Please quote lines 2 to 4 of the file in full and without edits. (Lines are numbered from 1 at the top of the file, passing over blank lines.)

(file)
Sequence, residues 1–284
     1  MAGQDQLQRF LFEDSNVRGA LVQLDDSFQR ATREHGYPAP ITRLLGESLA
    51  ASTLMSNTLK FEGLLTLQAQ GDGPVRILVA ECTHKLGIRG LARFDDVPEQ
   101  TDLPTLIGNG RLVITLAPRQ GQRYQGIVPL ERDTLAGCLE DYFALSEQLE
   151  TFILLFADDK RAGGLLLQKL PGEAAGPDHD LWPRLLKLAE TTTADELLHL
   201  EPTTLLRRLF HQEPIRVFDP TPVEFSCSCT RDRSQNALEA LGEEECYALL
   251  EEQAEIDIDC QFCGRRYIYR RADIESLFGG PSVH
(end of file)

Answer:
     1  MAGQDQLQRF LFEDSNVRGA LVQLDDSFQR ATREHGYPAP ITRLLGESLA
    51  ASTLMSNTLK FEGLLTLQAQ GDGPVRILVA ECTHKLGIRG LARFDDVPEQ
   101  TDLPTLIGNG RLVITLAPRQ GQRYQGIVPL ERDTLAGCLE DYFALSEQLE